When Wonder Woman first hit the big screen in 2017, the possibilities for the character felt endless. After 76 years without a blockbuster to call her own — she muscled into comics, bracelets flashing, in 1941 — she had made it, becoming a box-office sensation. And, yay! The movies love sexpot vixens vamping in fetish wear (meow) and nice girls simpering in the wings, so it was relief that this Wonder Woman was neither. She was sovereign, powerful and lightly charming, and even when the movie had teasing fun with her, it took the character, her mighty sword and cultural significance seriously.
The first movie is set largely during World War I, which set a lofty bar for the scope and the import of future adventures. The sequel’s title, “Wonder Woman 1984,” suggests that some juicy Orwellian intrigues are in the offing. Will Wonder Woman, aka Diana Prince (Gal Gadot), hijack a Soviet cruise missile, toss jelly beans at Ronald Reagan? As it turns out, the year mostly proves an excuse to pile on side ponytails, fanny packs and nostalgic nods to the kind of Hollywood blowouts that feature cartoonish violence and hard-bodied macho types.
What is Wonder Woman doing in these campy, recycled digs? Who knows? Clearly not the filmmakers.
Patty Jenkins is behind the camera again, but this time without the confidence. Certainly some of the problems can be pinned on the uninterestingly janky script, a mess of goofy jokes, storytelling clichés and dubious politics. (It was written by Jenkins, Geoff Johns and Dave Callaham.) There’s a mystical artifact; an evildoer seeking world domination (bonus: He’s a bad dad); and one of those comic-book wallflowers who morphs into a sexy supervillain — you know, the usual. It’s a whole lot of unoriginality, but the used parts aren’t what sink “Wonder Woman 1984.” Familiarity, after all, is one of the foundations (and pleasures) of cinematic genres and franchises.
What matters is how awkwardly these elements — the heroes and villains, the jokes and action sequences — are put together. For starters, as is the case with many contemporary pictures, this one starts better than it finishes. (It plays like an elevator pitch, all setup without the delivery.) It opens with a leisurely flashback to Diana’s princess childhood during some kind of Amazonian Olympics, with aerial gymnastics and tight, muscular thighs astride thundering horses. This gambol down memory lane may have been necessary for viewers who didn’t see the first movie. But in the context of the rest of this movie, it vibes like a one-hit band opening with its sole claim to fame.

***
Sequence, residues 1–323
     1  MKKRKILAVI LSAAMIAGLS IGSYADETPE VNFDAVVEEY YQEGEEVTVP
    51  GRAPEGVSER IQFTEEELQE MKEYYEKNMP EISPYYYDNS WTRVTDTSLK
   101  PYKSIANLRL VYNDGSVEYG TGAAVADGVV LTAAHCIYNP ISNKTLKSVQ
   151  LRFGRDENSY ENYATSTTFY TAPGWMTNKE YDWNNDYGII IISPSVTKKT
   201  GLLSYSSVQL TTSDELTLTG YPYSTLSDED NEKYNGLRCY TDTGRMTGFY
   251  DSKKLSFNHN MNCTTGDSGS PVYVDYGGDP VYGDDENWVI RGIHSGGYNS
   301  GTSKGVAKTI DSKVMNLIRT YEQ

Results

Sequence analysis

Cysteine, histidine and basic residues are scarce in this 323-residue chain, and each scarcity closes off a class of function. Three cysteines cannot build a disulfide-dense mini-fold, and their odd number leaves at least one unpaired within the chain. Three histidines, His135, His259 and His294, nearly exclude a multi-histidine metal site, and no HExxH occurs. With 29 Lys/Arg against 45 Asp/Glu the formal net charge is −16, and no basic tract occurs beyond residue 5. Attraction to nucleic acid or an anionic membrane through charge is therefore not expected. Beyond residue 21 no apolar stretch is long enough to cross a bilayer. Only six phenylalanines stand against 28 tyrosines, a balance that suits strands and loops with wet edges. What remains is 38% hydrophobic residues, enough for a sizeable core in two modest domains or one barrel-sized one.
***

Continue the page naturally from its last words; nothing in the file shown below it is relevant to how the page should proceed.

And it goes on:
Eventually, the movie gets down to its 1984 business, and the pace drifts into lethargy. The story packs in a lot of stuff and characters but without purpose or urgency. (It could have used more of the distinctive electric cello that helped juice the first movie’s action, giving it a signature hook.) Kristen Wiig has some fun as the wallflower, but Pedro Pascal is badly misused as the villain du jour.
Wonder Woman’s great love, Steve (Chris Pine), inexplicably materializes too, kind of like Patrick Swayze in “Ghost,” though the details remain fuzzy. Pine gives the movie heart (and oomph), as well as emotional expressivity, which is necessary given Gadot’s narrow range.
In her debut super-outing, Gadot was the wobbly axis in a movie that ran smoothly sometimes despite her. She was convincing and also charming because the character was too, as well as fierce and unworldly. That Diana was also a hawk, which comes with the mythological territory, though the story gave her a justification in the form of an adversary, Ares the god of war. We must stop him, she told the ruler of the Amazons, aka Mom. It “is our foreordinance,” Diana insisted, embracing the interventionist faith that has long defined American cinema. But by the time she’s powering through the Middle East in the sequel, that ideological creed just looks like an assertion of power.
Although there’s no official war in “1984,” Jenkins, et al., need to stir up trouble, an obligation that results in scenes that feel like busywork. The movie oscillates between hand-to-hand (and hand-to-paw) combat and large-scale choreographed mayhem with flying bodies, trucks and whatnot whirling in a shopping center and elsewhere. During one fight, Wonder Woman pauses to voice some anti-gun rhetoric, a disingenuous declaration given all the guns and ammo in the two movies. As before, in the best moments Jenkins brings the camera low so you can admire how Wonder Woman slides and sweeps across the ground, her long legs mowing down the opposition.
In the end, this movie never makes the case for why Wonder Woman is back in action beyond the obvious commercial imperatives. It’s a given that franchises are produced to make bank, etc., but the best chapters have life, personality, a reason for being and for fighting. They expand on their characters’ mythologies, using the past to explore the present. Three years ago, Wonder Woman emerged amid a reckoning on male abuse and power; the timing was coincidental, but it also made the character feel meaningful. In 2017, when Wonder Woman was done saving the world, her horizons seemed limitless. I didn’t expect that her next big adult battle would be at the mall.
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